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The dark side of open source conferences

The dark side of open source conferences

Posted Dec 4, 2010 22:25 UTC (Sat) by graydon (guest, #5009)
In reply to: The dark side of open source conferences by alankila
Parent article: The dark side of open source conferences

You certainly do possess the tact necessary. It's not hard, I've given you direct instructions in every message I replied to about things not to do in such conversations, and you're adapting your tone fine. Thank you for doing so. I'm trying to adapt mine to match.

The "words on a screen" are the action I'm responding to. I realize that you have a "point of view" and, to be blunt once more, it matters less than what you choose to do and say (or not say) in the future. People feeling marginalized, harassed, trivialized and insulted by this community aren't at any loss for understanding or hearing our points of view. We broadcast them like a fog-horn.

You -- we -- need to hear and listen to their points of view. That means clamming up and reading-or-listening. Not having a debate. Not demanding people listen to your defensiveness or confusion. Not turning every related experience into a 250-message argument thread.

Speech matters, as does the assumption of whose job it is to speak, be listened-to, or be taken-seriously. You buy a phrasebook and learn the local etiquette if traveling to another country. You study legalese if going to court. You suppress your tendency to swear around your elder family members. You don't raise your voice around kids. You realize when you're angry or drunk that some of the things you have an urge to say are best suppressed, as you'd regret them. In all these cases you recognize the onus is on you for adapting your speech quietly and on your own dime. The situation is the same here.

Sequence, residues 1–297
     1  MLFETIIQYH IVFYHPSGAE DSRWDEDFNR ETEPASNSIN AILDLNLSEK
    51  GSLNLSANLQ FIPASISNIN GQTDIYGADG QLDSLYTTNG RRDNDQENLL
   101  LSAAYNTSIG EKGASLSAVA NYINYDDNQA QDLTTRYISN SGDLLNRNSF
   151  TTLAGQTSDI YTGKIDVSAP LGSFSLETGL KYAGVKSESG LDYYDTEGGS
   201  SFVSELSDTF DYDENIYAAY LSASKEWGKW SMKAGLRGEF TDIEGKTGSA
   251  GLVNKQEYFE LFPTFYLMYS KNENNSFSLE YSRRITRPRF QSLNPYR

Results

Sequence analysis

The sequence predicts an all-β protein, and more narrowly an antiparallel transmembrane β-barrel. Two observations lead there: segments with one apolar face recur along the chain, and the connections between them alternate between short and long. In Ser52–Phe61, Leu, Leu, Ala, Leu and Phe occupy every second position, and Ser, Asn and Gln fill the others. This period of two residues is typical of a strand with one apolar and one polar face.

I'm not trying to paint you into a corner of being an enemy, or the Bad Prejudiced Guy. Everyone has prejudices. I'm plenty sexist, racist and classist myself. I trip up all the time. But while reflecting on those thoughts and informing myself of the perspectives of those I'm prejudiced against, I read and adapt my speech behavior to avoid the worst parts I've seen described, that I recognize in myself. I've only been telling you to do the same.

That's really it. It's not hard, you can do it too. You'll do fine. There's an absolute ocean of ink spilled on these topics to guide you. If you want to spend the afternoon reading a far more nuanced and detailed meta-analysis about the issues of privileged speech, assumptions of authority and relevance, topic derailment and reframing, try this:

(Read the whole thing, and any links you disagree with. Bookmark any wikis or FAQs that you have residual confusion about. Don't stop at the first thing you disagree with. Suppress your defensiveness enough to finish it.)

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